Tuesday, June 5, 2007

Glucagon regulation, part 2

Getting back to glucagon regulation. The paper I mentioned at the end of my last post on this topic was written by MacDonald and colleagues, and published online in PLoS Biology: “A KATP Channel-Dependent Pathway within α Cells Regulates Glucagon Release from Both Rodent and Human Islets of Langerhans”.

The title seems to imply that the article is just about what ion channel is involved in the regulation of glucagon release. It goes beyond this however, suggesting that blood glucose alone is enough to regulate glucagon (as the thing that influences the ion channel’s activity).

“We have now compared insulin and glucagon release and α- and β-cell Ca2+ responses in intact mouse, rat, and human pancreatic islets. We show that glucose retained the ability to suppress glucagon release from isolated islets during blockade of the Zn2+ and GABA paracrine pathways, and in the absence of stimulated insulin secretion or β-cell Ca2+ responses. Thus we now provide evidence in both rodent and human islets supporting the direct (intrinsic) glucose regulation of glucagon release from pancreatic α-cells.”

Recall that the review I discussed previously favored the ‘paracrine/endocrine’ hypothesis – specifically emphasizing the possible role of insulin (the β-cell ‘switch-off’ hypothesis). In fact, that review repeatedly downplayed any direct role for glucose in the regulation of glucagon:

“A direct inhibitory action of glucose on α-cell secretion seems to be of little physiological significance…”

In brief, MacDonald and colleagues systematically set out to (1) test whether glucose levels were sufficient to regulate glucagon secretion and (2) examine the electrophysiology of a-cells under different experimental conditions.

To demonstrate that glucose can directly regulate glucagon (without paracrine intermediaries), MacDonald measured glucagon secretion by mouse and rat islets at two different concentrations of glucose. In addition, they selectively blocked two known paracrines: GABA and Zn2+ ions. (Both of these chemicals inhibit glucagon release.) The results of these experiments are shown in the figure below.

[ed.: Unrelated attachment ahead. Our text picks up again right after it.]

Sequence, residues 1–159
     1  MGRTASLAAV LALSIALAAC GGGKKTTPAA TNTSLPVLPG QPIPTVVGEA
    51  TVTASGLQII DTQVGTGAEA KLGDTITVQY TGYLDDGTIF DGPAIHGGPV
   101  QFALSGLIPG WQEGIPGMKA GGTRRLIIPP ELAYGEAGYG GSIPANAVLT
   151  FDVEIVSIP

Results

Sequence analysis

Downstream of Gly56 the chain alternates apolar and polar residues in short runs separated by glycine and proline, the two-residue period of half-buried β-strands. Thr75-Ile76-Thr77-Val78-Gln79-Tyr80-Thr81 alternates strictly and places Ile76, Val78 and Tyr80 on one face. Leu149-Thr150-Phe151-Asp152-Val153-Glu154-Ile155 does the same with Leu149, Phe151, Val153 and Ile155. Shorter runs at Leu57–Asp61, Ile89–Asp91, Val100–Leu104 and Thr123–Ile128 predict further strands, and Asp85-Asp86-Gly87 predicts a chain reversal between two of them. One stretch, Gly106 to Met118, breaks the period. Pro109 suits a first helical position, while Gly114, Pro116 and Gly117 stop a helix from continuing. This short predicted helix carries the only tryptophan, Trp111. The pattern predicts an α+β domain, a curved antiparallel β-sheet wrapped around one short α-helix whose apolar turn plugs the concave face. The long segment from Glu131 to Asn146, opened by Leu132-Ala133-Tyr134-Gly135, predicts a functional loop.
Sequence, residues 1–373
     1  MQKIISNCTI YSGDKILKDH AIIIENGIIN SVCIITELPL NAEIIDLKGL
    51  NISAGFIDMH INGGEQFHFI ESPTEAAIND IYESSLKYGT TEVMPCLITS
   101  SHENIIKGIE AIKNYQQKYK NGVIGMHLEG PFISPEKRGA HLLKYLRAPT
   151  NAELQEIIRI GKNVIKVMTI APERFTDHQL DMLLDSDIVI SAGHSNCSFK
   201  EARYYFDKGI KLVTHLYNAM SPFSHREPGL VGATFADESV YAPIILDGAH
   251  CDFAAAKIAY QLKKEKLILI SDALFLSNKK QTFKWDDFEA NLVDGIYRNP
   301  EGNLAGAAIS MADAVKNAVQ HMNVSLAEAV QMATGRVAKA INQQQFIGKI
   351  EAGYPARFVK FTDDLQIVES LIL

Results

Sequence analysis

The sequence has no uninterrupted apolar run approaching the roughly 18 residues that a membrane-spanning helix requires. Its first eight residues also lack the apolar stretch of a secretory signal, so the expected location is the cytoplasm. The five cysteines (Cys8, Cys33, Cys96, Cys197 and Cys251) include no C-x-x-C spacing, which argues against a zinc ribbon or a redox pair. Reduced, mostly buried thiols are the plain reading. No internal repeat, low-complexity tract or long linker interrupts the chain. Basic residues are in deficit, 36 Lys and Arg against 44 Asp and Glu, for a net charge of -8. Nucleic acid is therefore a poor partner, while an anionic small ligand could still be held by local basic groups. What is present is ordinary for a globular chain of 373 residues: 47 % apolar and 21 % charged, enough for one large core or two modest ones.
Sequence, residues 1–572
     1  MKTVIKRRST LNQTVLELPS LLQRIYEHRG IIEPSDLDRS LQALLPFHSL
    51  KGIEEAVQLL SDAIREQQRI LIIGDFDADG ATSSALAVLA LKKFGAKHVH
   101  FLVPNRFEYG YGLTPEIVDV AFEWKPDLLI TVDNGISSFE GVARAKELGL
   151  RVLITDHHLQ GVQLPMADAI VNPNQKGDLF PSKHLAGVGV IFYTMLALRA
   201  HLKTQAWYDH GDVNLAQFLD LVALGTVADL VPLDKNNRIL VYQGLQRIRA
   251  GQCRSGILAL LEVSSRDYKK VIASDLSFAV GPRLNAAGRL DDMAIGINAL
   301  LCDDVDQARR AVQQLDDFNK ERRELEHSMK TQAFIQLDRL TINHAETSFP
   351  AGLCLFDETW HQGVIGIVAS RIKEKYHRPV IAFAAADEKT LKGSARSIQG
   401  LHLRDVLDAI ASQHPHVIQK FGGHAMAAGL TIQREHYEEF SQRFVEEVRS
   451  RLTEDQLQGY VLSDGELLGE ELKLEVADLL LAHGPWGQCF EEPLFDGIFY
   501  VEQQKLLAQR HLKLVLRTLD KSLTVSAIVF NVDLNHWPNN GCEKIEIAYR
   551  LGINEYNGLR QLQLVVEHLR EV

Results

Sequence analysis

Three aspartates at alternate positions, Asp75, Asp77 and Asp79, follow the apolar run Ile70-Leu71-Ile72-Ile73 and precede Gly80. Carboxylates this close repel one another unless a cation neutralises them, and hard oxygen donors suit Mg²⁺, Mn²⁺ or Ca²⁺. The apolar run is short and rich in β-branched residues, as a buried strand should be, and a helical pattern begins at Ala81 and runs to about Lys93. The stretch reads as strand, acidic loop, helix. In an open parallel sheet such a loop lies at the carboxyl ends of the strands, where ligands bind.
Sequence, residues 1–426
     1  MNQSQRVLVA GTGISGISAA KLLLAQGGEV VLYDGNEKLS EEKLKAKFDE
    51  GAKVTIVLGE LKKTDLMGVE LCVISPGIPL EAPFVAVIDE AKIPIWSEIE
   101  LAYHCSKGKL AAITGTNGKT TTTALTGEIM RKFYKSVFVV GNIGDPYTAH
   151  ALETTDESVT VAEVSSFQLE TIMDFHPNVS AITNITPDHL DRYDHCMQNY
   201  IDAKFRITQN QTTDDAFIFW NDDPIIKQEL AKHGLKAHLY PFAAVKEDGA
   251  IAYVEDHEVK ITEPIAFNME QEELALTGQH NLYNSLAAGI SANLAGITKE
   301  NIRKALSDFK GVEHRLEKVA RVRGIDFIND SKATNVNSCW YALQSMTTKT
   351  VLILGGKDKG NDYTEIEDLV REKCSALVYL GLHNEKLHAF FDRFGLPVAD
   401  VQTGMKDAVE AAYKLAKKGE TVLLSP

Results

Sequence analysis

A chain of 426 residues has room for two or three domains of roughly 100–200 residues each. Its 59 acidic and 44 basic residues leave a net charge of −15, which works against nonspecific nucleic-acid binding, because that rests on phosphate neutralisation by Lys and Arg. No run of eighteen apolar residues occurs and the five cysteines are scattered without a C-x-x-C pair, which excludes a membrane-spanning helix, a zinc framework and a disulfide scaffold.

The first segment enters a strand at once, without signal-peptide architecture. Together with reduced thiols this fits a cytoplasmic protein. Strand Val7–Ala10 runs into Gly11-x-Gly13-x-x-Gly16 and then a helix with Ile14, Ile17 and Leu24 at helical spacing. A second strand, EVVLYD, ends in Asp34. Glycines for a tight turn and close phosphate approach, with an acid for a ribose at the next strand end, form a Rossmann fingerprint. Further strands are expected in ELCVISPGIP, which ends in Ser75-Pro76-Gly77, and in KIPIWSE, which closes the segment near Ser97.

To understand this figure, you need to know that Ca2+-EDTA removes Zn2+ from solution. Actually, the Zn2+ is still there, but it’s bound to the EDTA, so we’d say it is not biologically available. Similarly, SR-95531 blocks the activity of GABA. The pluses and minuses below the x-axis of each graph indicate the presence (+) or absence (-) of the EDTA and the SR-95531.

We can work through the graph in the following way (taking only the mouse data for simplicity). The first two bars basically show data from islets at low (left bar) and high (right bar) glucose. Based on normal physiology, we’d expect glucagon to be high when glucose is low and vice versa. Since neither EDTA nor SR-95531 are present, the reduction in glucagon secretion could be due to either glucose, GABA, or Zn2+. The next pair of bars again shows the response at two different concentrations of glucose, but now we’ve prevented Zn2+ from acting by adding EDTA to the mix. Even without Zn2+, however, we still see a reduction in glucagon production at high glucose concentrations. So, Zn2+, isn’t what’s causing the reduction. In the third pair of bars, the only difference is a change in glucose concentration – both Zn2+ and GABA have been blocked. What can we conclude? Glucose alone is sufficient to reduce glucagon secretion. Notice that the drop in glucagon secretion isn’t as great this time. This might signal that the presence of GABA magnifies the effect of glucose on glucagon secretion.